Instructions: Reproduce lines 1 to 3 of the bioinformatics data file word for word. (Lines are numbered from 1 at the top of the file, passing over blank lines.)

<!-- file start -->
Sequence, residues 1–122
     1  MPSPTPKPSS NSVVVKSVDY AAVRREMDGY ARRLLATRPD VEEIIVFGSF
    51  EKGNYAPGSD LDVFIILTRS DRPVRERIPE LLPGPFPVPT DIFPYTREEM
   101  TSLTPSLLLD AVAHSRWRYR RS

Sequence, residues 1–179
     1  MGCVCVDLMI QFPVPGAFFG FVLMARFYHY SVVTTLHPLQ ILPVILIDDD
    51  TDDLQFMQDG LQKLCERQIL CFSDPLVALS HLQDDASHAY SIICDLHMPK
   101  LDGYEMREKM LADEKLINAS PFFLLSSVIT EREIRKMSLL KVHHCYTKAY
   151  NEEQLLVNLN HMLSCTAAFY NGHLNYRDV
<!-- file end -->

Sequence, residues 1–122
     1  MPSPTPKPSS NSVVVKSVDY AAVRREMDGY ARRLLATRPD VEEIIVFGSF
    51  EKGNYAPGSD LDVFIILTRS DRPVRERIPE LLPGPFPVPT DIFPYTREEM